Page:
THE MEAS”T WARS
Right now, late May 2011, all the Middle East is gripped in a long series of wars, armed conflicts and violent unrest.
In Libya the former Othman (Turkish) provinces of Cyrenaica, with its capital Benghazi, in the East and Tripolitania in the West are engaged in a full scale tribal LIbyan Civil- War. The western powers seized the opportunity to get rid of their longtime foe, the Libyan ruler Muammar Gaddafi, who like all Arab rulers, runs the country as a family business and was involved in terror in Europe for years. They portray his opponents as “democrats” and under the excuse of preventing a coming massacre are now handling a war against Gaddafi’s regime. There is not yet any sign that the Libyan civil war is about to be overpowered by any side in the conflict. The daily ongoing bloodshed and the crumbling of basic law and order will eventually take its toll in human life way higher than the alleged prevented massacre, not to mention that Gaddafi’s enemies are preparing a “Middle Eastern” revenge should they, with the help of NATO, prevail. For the moment we have no clue who will rule Libya a year ahead.
Following the turmoil in the Middle East sectarian unrest in Syria already claimed the life of over 1000 people and the brutal Syrian crackdown is just mounting. It is almost impossible to predict who will be in power in Syria in May 2012 (see -SYRIAN 2011 UNREST ).
Yemen is sliding fast to a tribal civil war after the president Ali Abdullah Saleh refused once again to sign a power transition deal negotiated and mediated through the Arab Gulf Emirates. Powerful tribes are now fighting tribes loyal to the president in the streets of Sanaa. In the North the Shiaa Saada Rebels are waiting for their opportunity and in the South local separatist are fighting to re-divide Yemen between North and South. Yemen is facing now a growing bloodshed and an uncertain future. In between Al Qaeda is gaining more ground. We do not know if Yemen will be the same country in the next year, certainly not who will run the country and how.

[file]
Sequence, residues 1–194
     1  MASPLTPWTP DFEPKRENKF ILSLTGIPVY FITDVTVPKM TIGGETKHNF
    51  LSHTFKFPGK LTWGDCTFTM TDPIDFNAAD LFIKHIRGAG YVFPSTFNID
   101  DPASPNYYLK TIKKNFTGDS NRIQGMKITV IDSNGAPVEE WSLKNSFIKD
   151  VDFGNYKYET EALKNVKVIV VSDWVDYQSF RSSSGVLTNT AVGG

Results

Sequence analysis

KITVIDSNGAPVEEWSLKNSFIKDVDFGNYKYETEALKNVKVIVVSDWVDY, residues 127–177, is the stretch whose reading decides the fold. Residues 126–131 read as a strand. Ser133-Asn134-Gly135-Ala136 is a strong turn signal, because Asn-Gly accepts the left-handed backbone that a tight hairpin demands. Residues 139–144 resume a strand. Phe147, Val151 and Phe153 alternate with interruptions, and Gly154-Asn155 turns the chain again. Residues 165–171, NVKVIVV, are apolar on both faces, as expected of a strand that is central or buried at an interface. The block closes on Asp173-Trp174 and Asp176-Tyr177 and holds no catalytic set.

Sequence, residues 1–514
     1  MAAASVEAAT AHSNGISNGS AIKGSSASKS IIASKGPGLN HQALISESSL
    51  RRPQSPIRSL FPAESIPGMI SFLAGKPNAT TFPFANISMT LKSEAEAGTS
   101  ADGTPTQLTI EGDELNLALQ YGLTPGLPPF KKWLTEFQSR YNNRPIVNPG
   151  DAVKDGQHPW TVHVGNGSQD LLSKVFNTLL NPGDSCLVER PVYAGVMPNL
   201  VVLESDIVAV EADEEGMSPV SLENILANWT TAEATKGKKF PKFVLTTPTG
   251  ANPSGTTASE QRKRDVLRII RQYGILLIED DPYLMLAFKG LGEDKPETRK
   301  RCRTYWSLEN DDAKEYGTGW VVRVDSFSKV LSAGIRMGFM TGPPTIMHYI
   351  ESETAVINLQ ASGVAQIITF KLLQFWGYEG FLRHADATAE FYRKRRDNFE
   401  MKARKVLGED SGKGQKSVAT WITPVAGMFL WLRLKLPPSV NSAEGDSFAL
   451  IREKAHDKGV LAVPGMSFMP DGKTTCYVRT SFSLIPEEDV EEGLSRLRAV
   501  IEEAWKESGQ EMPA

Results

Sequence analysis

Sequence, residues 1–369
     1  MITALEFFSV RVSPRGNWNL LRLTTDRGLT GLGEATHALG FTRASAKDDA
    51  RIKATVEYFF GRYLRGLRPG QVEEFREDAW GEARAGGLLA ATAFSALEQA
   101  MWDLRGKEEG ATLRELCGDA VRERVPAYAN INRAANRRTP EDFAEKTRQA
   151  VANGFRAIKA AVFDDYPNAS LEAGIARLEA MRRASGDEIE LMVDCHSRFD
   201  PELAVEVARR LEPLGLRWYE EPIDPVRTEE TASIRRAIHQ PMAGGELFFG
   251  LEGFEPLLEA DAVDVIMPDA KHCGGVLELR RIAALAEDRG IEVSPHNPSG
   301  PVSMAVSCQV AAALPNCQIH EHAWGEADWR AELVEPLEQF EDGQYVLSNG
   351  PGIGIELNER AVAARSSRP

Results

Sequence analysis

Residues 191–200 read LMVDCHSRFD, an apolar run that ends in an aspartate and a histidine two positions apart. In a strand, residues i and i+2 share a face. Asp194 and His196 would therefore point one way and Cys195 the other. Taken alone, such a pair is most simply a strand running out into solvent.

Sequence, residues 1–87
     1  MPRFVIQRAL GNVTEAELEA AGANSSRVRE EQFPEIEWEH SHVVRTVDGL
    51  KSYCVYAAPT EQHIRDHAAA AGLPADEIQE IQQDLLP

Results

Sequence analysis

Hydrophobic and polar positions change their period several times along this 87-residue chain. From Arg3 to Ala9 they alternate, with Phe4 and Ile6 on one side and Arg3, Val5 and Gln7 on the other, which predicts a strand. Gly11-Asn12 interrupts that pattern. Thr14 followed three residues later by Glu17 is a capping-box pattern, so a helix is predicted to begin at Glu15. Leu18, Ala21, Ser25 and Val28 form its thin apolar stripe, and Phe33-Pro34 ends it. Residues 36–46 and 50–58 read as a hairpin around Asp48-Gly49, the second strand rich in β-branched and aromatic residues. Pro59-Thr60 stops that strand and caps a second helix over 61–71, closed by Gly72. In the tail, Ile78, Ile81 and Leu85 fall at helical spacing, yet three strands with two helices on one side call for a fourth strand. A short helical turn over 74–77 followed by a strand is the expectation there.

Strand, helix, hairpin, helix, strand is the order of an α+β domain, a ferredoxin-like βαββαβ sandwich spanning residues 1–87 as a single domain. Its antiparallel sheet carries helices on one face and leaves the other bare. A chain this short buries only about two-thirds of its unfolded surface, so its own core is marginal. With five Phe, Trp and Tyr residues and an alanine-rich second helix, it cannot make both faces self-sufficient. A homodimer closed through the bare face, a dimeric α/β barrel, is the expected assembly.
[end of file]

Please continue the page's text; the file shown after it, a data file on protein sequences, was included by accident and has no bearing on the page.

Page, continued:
In nearby Sudan, which was recently divided officially between South Sudan and North Sudan, the South Sudanese newly formed army is fighting local rebels and North Sudan sent its army to capture the oil rich area and the town of Abyei, originally supposed to be part of Southern Sudan. In that part of the world there is no reliable information but the casualties are always numbered in hundreds of thousands. In the next year both parts of Sudan can expect but wars, bloodshed and hunger (see -Dangerous SUDAN ).
Egypt’s economy is deteriorating as its gas export was crippled by the Bedouins in Sinai Peninsula and tourists are not coming. The country is now controlled by an interim Military council and the Islamist, mainly the Muslims Brotherhood, the best organized and more disciplined political power in Egypt, are gaining ground. Their candidate Abdel Moneim Abul-Futuh has a real prospect to be the next Egyptian president after the scheduled elections in 09/2011. It is impossible to predict what will be the political future attitude of Egypt in the next year but there are a lot of concerns (see – EGYPTS CLOUDS ).
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